1. ## First-Order Differential Equations

How would you solve this problem? Here is the question:

Given the differential equation: y' + y tanx= cosx

(a) Verify by subsitution that for any number C, y(x) = (x+C) cosx satisfies the given differential equation.
(b) Determine a value of the constant C so that y(3.14)= 0

2. Originally Posted by googoogaga
How would you solve this problem? Here is the question:

Given the differential equation: y' + y tanx= cosx

(a) Verify by subsitution that for any number C, y(x) = (x+C) cosx satisfies the given differential equation.
(b) Determine a value of the constant C so that y(3.14)= 0
Mostly this is just substitution:
a) $\displaystyle y(x) = (x + C)cos(x)$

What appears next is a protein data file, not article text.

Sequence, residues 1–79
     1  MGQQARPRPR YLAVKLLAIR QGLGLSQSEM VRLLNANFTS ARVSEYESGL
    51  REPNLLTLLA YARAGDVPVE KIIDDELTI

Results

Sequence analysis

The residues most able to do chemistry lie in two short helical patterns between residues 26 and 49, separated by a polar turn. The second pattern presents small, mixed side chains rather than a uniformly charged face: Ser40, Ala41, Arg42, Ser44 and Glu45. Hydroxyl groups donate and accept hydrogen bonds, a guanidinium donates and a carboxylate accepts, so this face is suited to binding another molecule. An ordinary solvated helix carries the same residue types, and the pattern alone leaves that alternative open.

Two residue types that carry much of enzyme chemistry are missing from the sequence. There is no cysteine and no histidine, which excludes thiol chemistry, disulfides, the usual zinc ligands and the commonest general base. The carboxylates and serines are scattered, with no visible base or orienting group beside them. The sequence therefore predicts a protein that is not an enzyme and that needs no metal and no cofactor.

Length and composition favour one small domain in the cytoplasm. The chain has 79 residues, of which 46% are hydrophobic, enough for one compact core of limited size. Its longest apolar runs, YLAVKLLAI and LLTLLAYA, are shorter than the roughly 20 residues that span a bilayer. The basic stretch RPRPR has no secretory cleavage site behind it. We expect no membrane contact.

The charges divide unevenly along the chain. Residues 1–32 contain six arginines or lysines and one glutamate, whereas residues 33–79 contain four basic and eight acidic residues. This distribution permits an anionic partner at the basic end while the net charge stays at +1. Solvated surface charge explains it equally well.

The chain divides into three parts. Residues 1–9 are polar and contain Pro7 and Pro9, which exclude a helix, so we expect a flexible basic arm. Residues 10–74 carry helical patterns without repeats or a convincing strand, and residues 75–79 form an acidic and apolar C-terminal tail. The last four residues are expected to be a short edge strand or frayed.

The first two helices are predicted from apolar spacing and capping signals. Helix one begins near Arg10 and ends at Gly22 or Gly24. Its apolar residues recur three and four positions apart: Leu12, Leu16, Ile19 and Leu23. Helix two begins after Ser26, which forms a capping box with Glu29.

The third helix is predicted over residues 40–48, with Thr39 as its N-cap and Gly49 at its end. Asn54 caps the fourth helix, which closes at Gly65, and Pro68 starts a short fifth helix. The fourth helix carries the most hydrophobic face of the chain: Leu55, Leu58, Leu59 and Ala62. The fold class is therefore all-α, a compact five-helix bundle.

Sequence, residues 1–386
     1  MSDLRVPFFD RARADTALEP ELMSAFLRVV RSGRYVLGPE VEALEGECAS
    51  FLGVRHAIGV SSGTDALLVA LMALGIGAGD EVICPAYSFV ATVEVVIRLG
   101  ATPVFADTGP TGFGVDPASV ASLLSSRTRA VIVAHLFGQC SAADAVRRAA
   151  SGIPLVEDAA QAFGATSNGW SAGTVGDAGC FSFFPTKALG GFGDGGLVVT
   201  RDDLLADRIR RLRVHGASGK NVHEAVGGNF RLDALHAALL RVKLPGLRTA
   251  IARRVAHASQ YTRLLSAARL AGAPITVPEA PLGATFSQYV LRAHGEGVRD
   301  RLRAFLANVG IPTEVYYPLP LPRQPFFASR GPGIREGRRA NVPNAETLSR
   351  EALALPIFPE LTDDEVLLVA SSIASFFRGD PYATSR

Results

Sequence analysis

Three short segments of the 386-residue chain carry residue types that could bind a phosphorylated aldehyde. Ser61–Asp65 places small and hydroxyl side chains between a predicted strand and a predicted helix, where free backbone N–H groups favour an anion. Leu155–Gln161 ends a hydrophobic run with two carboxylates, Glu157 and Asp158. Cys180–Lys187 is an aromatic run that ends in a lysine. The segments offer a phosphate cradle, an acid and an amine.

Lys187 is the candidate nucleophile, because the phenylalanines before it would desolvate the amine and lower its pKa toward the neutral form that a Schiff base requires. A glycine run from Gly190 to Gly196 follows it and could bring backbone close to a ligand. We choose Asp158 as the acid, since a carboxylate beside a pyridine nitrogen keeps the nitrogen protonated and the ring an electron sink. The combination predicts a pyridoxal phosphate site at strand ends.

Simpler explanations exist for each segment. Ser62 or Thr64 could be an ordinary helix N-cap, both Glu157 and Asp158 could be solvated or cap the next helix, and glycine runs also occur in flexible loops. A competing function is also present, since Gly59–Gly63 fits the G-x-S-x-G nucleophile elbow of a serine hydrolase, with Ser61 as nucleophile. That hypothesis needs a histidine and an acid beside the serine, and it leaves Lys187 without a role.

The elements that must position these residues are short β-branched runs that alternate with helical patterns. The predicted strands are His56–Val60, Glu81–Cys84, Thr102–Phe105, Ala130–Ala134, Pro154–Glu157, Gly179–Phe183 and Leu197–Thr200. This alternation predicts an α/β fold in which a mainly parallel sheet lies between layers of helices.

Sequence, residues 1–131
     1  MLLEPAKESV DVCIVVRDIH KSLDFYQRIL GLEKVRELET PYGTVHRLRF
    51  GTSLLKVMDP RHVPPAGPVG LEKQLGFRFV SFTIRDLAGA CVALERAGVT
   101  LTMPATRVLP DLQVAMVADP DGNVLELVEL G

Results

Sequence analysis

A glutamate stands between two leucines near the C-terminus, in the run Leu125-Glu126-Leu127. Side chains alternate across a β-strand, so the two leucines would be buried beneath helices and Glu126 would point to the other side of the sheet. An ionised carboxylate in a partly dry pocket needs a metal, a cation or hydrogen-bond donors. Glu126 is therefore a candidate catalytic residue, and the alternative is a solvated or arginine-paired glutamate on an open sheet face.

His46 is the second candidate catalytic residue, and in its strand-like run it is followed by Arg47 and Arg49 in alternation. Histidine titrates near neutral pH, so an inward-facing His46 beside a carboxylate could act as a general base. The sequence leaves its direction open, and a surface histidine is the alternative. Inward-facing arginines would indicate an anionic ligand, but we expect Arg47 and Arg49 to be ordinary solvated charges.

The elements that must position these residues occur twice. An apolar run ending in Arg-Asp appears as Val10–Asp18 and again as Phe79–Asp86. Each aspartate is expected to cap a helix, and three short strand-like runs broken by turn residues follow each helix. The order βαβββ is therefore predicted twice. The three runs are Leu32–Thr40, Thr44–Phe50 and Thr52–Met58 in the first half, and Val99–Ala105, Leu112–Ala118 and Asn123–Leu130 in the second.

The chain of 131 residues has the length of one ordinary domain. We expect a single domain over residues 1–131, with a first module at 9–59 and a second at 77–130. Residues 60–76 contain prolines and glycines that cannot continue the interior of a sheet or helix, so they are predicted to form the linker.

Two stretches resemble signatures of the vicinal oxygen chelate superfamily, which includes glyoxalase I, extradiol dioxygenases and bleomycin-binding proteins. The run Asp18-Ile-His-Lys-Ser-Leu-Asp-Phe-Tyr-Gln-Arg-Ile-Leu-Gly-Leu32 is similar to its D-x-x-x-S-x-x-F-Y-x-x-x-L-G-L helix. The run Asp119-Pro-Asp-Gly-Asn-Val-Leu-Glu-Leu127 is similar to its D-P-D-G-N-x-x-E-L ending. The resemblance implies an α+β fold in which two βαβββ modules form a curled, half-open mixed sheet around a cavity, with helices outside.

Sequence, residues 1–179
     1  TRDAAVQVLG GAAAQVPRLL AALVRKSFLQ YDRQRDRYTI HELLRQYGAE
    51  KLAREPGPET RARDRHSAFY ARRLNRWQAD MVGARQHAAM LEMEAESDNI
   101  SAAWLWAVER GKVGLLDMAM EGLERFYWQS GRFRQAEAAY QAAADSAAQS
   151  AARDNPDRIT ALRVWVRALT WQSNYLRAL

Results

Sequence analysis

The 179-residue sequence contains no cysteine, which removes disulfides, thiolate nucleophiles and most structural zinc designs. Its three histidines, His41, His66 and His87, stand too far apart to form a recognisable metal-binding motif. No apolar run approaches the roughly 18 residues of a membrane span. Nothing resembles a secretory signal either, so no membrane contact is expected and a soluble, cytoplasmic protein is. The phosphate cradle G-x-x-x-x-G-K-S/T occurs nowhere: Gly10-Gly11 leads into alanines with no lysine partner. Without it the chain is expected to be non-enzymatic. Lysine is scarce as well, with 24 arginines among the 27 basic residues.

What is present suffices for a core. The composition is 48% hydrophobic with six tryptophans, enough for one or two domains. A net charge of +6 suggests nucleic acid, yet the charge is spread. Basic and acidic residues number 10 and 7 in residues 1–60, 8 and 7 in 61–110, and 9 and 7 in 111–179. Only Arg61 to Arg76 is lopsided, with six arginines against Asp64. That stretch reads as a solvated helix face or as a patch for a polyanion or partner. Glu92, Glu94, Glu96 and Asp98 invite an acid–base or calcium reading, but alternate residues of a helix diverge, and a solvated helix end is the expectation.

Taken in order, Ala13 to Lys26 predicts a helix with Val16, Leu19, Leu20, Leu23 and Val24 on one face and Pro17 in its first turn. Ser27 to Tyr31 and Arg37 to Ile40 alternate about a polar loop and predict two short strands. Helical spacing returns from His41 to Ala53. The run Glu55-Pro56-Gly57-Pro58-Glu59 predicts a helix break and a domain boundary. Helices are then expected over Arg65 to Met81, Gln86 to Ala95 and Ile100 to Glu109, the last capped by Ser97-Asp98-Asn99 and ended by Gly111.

Thus
$\displaystyle y^{\prime} = cos(x) - (x + C)sin(x)$

Thus the DEq says:
$\displaystyle (cos(x) - (x + C)sin(x)) + (x + C)cos(x) \cdot tan(x) = cos(x)$

$\displaystyle cos(x) - (x + C)sin(x) + (x + C)sin(x) = cos(x)$

$\displaystyle cos(x) = cos(x)$

So this is true.

b) We want a value for C such that $\displaystyle y(\pi) = 0$

$\displaystyle 0 = (\pi + C)cos(\pi)$

$\displaystyle 0 =-(\pi + C)$

$\displaystyle C = - \pi$

-Dan